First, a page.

25 June 1861: “I can’t say anything about the people for are but the Negroes left on our landing here. Men that had property to the amount of $100,000 left all and went to Richmond and Yorktown.”

Item description: Letter from J. M. Drake of Company A, 4th Massachusetts Regiment, at Camp Butler, Newport News, Va., to his father, telling of his hopes that his company will be discharged soon; detailing the wrongs done by U.S. Army soldiers in Virginia; sharing his experiences when detailed to go under flag of truce to bring back the dead following the Battle of Bethel; and describing his role in a nighttime mission that was intended to capture Col. Jones, C.S.A.

[Item transcription available below.]

Item citation: Unit 6, 25 June 1861 in the Federal Soldiers’ Letters #3185, Southern Historical Collection, The Wilson Library, University of North Carolina at Chapel Hill.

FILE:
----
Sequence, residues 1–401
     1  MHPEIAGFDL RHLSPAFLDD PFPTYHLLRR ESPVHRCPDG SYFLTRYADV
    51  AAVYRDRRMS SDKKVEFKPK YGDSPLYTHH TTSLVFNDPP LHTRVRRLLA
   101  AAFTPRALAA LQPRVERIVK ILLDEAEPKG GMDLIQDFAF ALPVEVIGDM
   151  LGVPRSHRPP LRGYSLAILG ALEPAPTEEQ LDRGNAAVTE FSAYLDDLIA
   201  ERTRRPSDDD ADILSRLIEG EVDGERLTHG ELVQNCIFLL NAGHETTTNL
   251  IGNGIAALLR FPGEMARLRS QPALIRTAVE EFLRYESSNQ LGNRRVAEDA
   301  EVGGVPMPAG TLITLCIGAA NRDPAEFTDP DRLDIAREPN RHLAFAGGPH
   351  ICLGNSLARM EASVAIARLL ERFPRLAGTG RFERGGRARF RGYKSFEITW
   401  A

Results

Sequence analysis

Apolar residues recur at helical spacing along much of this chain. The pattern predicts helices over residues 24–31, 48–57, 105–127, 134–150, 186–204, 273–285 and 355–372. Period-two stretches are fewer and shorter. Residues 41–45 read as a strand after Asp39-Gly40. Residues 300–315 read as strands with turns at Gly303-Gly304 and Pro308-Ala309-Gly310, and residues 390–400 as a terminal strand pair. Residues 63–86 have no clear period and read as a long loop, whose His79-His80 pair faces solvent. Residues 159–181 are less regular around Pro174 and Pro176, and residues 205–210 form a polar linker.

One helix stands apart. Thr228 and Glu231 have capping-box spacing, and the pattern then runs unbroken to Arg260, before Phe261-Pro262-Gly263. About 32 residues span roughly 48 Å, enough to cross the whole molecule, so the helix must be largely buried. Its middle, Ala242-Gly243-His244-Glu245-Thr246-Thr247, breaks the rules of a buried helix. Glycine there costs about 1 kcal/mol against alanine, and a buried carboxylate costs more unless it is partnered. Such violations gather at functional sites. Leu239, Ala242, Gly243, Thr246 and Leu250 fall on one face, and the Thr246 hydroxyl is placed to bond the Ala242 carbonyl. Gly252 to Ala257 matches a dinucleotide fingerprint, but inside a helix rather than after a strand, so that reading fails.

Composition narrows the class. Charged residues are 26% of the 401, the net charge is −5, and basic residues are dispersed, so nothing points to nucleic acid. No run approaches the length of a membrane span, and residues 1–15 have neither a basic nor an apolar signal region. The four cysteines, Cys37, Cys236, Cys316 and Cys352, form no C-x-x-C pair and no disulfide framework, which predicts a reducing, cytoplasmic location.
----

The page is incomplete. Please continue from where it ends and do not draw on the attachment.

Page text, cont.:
Item transcription:

Camp Butler, Newport News, Va. 25 June 1861

Dear Father,

Having a few leisure moments this morning. I improve[?] them while passing in writing you a few lines to the effect that Horace and myself are in perfect health, and that we suppose we shall be honorably discharged when our Company is, namely, July 16th.

I am informed that Gen. Butler has decided that all recruits will be discharged when that company is to which they are attached, regardless of those papers signed by such recruits at home. When I came out here, I supposed we were held for three years and in fact I think so now, but of course they can discharge us if they see fit to do so.

I shall return with the Co. but if I can get a situation in the Fortress that I want to get, I shall return to Virginia. I like out here very much and I am daily reminded of the remark I have often heard you make that if you should move it would be to “Old Virginia,” that old state that has raised smarter men, done more and suffered more for the establishment of the Union than any other State of the Union, if history is true.